Maldives tourism bosses have cautioned holidaymakers in the tropical nation of the perils of drowning. A series of drownings have occurred across the island chain, claiming the lives of five tourists this month. Two of the five were a young couple on their honeymoon. Police are urging holidaymakers to take extra care when swimming, snorkelling or doing watersports following the fatal accidents in the past three weeks. This is a particularly perilous time of year as currents are strong during the north-eastern monsoon.
Police have appealed for children and adults who cannot swim to not go into the water, local site Maldives Independent reported.
Officials are also trying to improve safety measures at tourist establishments.
Resorts are being encouraged to keep a close eye on their guests to prevent future tragedies.
Tourists who stay at guesthouses on local islands are particularly at risk as they are more likely to be unaccompanied when they go swimming or snorkelling.
The tourism industry is now set to launch inspections and review regulations. Designated safe swimming areas may be also be decided with island councils.
“We have decided to inspect all tourist facilities in the Maldives within the next six to eight months,” tourism minister Ali Waheed told reporters. “Regular monitoring must be done to ensure that regulations are followed.”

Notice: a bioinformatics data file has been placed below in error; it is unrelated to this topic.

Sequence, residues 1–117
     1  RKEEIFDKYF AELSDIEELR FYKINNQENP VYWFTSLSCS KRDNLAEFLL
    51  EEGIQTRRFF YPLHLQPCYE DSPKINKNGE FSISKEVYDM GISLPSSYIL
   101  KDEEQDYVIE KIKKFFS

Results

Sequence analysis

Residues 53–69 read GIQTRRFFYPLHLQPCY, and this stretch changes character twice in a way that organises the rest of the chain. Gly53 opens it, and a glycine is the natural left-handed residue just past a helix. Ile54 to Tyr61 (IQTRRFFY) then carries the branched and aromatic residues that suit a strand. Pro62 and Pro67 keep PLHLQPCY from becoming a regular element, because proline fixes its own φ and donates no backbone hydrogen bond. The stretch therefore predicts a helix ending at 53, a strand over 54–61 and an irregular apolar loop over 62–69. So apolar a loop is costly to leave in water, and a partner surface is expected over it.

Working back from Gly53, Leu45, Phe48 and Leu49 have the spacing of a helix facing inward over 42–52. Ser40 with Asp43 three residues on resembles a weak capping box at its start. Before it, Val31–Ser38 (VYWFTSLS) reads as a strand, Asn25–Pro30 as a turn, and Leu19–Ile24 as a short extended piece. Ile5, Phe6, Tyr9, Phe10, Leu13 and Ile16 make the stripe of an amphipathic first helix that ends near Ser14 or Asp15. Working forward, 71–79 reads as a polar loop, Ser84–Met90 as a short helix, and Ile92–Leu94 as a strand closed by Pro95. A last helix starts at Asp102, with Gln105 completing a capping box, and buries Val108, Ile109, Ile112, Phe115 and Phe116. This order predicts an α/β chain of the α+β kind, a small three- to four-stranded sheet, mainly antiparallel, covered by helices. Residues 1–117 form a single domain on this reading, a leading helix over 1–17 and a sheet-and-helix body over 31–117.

The most recent death came on Sunday when a 40-year-old Russian tourist died during a diving trip.
Further fatalities included an 84-year-old man from the Czech Republic who was staying at the Paradise Resort and a 66-year-old South Korean tourist at the same resort.
Around 1.4 million visit the Maldives every year – and the tourism industry is one the country relies upon. In 2017, just 31 people drowned.
According to the UK Foreign and Commonwealth Office (FCO): “Most visits to the Maldives are trouble-free.
“The most common problems faced by visiting British nationals are lost and stolen passports, and swimming and diving related accidents.”
The spate of drownings comes after a fire devastated luxury resort Gili Lankanfushi on one of the Maldives’ 26 atolls.
The blaze destroyed seven overwater villas and one restaurant, but no one was injured.
Last year a report warned that holiday islands such as the Maldives and Hawaii could be “uninhabitable in decades.”
This is due to rising sea levels risk damaging them and ruining freshwater provisions, forcing locals to flee their homes by 2030.
New research by US Geological Survey (USGS) and the University of Hawaii has found that rising sea levels are already affecting the low-lying islands.